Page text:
Rausch, Jack Delano
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Jack Delano Rausch, the best friend a person could have, passed away on November 15, 2013 at the age of 80 after a long battle with Parkinson's Disease. Born on March 18, 1933 in Dover, Ohio to William and Jospehine Rausch, Jack was the youngest of three children. His life was filled with music. He begged the school band director to play the drums and was promised he could do so if he played the bassoon for one year, since the band director was short of bassoonists. He did so and thus began a long career of music making and teaching. He received his Bachelor of Music Education (bassoon) and Masters of Music (theory) from Ohio State University, performed in the famed Ohio State Marching Band (TBDBITL), served in the Air Force and performed in the 751st Air Force Band from 1953-57. He met his wife, Marlene, a violinist, while they both were members of the Florida Symphony. They were married in 1963 and started a lifetime of caring for each other and music making. He was Principal Bassoonist in the Florida Symphony, North Carolina Symphony, Santa Fe Opera, Phoenix Symphony and others. Jack joined the faculty of Arizona State University in 1964 and retired in 1996 as Associate Director of the School of Music and Professor Emeritus of Bassoon. His son Randall Todd was born in 1967 and joined the family's passion for music. Jack was the kind of person who always found the "good" in everyone, accepting all our talents and taught us all to be brave and honest with ourselves and each other. He is survived by his wife of 50 years, Marlene, son Randy, brother Doyle Rausch (Lois), nephew Doyle Eric (Columbus), nephews Bruce Archinal (Mary Ann) of Houston, Brent Archinal (JoAnne) of Flagstaff, brother-in-law Marion Archinal (Houston) and grand nephews Brian and Andrew Archinal. His sister Donna Mae Archinal is deceased. Thank you to all the wonderful caregivers who helped him at Sierra Pointe and especially the staff at Silverado for giving such joy to Jack and family in the last days and showing us that love is greater than fear. Jack was a teacher to all who wished to learn even at Silverado.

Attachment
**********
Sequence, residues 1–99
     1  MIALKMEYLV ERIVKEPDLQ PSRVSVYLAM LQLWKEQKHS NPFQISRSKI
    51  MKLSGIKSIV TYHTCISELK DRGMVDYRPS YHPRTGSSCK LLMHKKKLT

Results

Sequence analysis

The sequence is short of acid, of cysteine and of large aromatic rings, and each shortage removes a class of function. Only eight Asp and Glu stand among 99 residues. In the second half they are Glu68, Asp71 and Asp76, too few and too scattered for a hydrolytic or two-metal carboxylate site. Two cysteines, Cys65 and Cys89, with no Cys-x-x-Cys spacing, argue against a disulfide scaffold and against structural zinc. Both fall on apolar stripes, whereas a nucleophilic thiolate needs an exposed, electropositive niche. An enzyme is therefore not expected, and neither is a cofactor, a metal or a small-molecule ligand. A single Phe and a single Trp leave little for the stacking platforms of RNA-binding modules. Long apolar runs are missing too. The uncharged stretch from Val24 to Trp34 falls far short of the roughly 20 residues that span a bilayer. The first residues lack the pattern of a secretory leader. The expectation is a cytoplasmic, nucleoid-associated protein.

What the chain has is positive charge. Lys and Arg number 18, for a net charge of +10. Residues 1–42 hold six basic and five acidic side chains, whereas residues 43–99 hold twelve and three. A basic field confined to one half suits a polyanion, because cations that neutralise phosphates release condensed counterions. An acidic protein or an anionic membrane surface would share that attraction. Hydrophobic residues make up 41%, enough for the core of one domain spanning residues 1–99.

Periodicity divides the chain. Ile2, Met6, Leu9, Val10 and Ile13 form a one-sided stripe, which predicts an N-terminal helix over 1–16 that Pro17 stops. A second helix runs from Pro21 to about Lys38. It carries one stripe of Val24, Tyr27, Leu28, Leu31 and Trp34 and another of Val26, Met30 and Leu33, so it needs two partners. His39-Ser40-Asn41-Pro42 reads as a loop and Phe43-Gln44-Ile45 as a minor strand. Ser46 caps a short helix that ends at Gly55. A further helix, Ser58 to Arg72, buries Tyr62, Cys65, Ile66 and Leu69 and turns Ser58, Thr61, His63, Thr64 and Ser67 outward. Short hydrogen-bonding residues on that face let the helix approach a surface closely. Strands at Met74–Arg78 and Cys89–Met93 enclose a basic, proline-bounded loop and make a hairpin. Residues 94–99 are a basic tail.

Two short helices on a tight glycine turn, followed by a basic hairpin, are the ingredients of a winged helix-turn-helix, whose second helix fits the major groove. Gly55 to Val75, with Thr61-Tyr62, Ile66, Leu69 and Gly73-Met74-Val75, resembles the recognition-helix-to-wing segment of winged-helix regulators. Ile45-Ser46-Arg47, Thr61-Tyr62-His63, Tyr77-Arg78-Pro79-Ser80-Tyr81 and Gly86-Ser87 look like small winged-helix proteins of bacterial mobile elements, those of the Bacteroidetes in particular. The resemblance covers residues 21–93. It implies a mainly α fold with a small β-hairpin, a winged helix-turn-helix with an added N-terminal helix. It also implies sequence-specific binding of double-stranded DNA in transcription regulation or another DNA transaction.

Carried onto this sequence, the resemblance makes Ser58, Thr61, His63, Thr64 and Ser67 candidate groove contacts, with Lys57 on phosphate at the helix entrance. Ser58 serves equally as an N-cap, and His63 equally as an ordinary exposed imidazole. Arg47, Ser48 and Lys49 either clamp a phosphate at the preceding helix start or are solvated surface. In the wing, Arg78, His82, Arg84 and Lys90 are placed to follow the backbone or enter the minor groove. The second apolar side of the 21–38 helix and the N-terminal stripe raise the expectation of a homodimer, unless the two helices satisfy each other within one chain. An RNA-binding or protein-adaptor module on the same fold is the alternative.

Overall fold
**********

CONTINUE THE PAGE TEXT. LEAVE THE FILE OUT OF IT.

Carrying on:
gave immense comfort in his last days. His battle with Parkinson's turned to living with Parkinson's and Jack always wanted to write a book about his experiences with the title "Sunny Side Up". During his illness he never forgot at the end of the visits from family and friends to say "thank you for coming" and now it is our turn to say, "thank you for coming into our lives, Jack, you will be forever held dear to our hearts." An interment service will be at 2 p.m. on Dec. 6 at the National Memorial Cemetery of Arizona with a celebration of life to be held at 3 p.m. at the family home. Family requests that any memorial gifts be made to
and the Parkinson's Association of Arizona. Friends may add comments at Legacy.com
Published in The Arizona Republic from Nov. 23 to Nov. 24, 2013